How do you determine sink conditions for dissolution?
Sink condition is mentioned a lot when it comes to dissolution testing, but the importance of it to dissolution testing is left out. Sink condition is the ability of the dissolution media to dissolve at least 3 times the amount of drug that is in your dosage form.
Why is 900 ml dissolution media?
Most likely, the volume was lowered to 900mL to account for volume displacement from the product and stirring shaft. This gives some wiggle room in the test, so that the vessel doesn’t spill over during the dissolution.
Why phosphate buffer is used in dissolution?
The higher buffer capacity of phosphate maintains the pH at the solid-liquid interface lower than, but closer, to the basic environment of the bulk, in relative to the bicarbonate system. Thus, a greater extent ionization of acidic drugs and the subsequent increase of drug dissolution in the phosphates are present.
What are the factors affecting dissolution?
Factors that affect the dissolution of a drug product include the intrinsic properties of the API (e.g., solubility, wettability, particle size, surface area, morphology, polymorphs), the formulation composition and characteristics (e.g., excipients, hardness, manufacturing process), and the dissolution method used for …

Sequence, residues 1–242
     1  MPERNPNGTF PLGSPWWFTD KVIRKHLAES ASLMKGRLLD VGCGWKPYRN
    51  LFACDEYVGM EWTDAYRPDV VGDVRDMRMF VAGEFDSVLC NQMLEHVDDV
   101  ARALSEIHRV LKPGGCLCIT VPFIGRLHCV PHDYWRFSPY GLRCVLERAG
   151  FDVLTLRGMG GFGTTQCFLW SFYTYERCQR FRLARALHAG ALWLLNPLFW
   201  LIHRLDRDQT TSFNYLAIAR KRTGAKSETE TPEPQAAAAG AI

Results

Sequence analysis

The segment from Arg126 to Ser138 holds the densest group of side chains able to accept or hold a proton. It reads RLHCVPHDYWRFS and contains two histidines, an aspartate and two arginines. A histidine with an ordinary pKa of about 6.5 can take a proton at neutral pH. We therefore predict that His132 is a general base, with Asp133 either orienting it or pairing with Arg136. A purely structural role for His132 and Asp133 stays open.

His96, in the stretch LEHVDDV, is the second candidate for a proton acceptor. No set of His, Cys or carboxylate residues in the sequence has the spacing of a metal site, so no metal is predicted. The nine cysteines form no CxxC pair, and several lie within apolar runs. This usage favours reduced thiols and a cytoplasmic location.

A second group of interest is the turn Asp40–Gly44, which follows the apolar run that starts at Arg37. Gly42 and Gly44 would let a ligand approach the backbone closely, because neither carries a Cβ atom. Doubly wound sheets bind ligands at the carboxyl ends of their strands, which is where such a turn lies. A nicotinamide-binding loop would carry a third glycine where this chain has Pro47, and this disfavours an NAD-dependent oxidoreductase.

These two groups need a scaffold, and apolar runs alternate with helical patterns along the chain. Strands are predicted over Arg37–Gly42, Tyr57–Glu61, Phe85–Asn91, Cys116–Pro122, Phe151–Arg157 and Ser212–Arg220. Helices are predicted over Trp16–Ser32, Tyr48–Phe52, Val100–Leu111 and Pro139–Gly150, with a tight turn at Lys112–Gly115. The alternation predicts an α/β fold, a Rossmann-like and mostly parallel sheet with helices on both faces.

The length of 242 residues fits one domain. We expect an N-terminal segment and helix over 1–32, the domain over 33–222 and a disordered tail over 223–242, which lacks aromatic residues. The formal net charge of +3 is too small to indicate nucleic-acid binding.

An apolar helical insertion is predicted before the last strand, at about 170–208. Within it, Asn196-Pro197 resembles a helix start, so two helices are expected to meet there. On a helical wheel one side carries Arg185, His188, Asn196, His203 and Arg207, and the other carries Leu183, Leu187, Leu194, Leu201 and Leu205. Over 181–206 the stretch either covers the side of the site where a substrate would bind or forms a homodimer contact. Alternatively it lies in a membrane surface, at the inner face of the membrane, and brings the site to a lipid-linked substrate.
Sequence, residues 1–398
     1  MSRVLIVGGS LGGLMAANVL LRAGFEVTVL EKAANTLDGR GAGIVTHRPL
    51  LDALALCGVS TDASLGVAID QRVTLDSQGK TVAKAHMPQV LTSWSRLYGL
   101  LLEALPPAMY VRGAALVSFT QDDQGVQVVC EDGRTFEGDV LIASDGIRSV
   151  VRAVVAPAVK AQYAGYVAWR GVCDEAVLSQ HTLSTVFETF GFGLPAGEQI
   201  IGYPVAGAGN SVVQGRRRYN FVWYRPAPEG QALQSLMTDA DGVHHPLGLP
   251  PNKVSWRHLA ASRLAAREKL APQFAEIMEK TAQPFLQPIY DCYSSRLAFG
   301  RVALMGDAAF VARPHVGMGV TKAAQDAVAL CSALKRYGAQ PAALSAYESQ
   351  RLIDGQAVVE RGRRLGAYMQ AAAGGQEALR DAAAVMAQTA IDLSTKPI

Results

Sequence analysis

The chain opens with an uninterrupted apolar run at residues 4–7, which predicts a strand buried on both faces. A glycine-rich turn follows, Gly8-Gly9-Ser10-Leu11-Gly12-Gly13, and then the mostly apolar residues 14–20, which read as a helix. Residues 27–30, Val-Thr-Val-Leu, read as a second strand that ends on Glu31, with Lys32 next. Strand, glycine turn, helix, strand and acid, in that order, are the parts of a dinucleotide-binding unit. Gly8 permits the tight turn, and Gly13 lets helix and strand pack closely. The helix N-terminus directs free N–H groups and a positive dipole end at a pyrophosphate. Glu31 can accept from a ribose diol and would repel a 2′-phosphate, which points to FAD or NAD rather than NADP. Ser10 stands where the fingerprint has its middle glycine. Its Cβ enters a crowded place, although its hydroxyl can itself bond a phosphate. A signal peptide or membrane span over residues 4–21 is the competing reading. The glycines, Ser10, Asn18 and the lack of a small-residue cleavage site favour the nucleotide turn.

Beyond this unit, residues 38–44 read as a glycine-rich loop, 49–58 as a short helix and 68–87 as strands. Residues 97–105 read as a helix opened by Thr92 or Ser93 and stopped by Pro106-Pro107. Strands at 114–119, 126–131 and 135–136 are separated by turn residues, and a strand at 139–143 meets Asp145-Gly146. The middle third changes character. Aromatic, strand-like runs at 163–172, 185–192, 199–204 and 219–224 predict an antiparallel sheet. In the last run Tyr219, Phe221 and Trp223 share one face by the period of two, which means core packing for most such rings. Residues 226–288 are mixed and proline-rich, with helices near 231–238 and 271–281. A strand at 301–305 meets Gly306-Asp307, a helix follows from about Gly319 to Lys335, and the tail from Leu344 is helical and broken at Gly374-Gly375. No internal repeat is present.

What is s1 and s2 in dissolution?
S1 or S2. The quantity, Q is the amount of dissolved active. Dissolution Medium—Proceed as directed for Immediate- ingredient. specified in the individual monograph, expressed Release Dosage Forms under Apparatus 1 and Apparatus 2.
What is Q point in dissolution?
Thread: Q Value quantity ‘Q’ is the amount of dissolved active ingredient specified in the monograph. Required to be released in the stated time, expressed as a percentage of labelled strength, then the batch of the tablet or capsules is acceptable, if each unit is not less than Q + 5 %.
Why sinkers are used in dissolution?
Capsule Sinkers. Floating dosage forms rarely dissolve at a reproducible rate. Using a sinker in Apparatus 2 fixes the dosage form to a certain point and aids reproducibility. Sinkers can also be useful where dosage forms may stick to the sides of the vessel.
Why do we use basket in dissolution?
In the basket dissolution method, a different apparatus is placed at the end of the rotating shaft. This apparatus is called a basket. … The sticky tablets containing HPMC or similar compounds as a binder are tested using a basket because tablet swells in water and may stick to the walls of the dissolution vessel.
Why SLS is used in dissolution media?
Abstract. Purpose: Sodium lauryl sulfate (SLS) is a commonly used surfactant in dissolution media for poorly water soluble drugs. … Results: SLS significantly slowed down the dissolution of gelatin shells at pH < 5. Visually, the gelatin shells transformed into some less-soluble precipitate under these conditions.
Why surfactant used in dissolution?
Surfactants are used in dissolution test methods to improve the solubility or wettability of a drug. Sometimes the decision to use a surfactant is based solely on the fact that it will facilitate drug dissolution and not on any further study.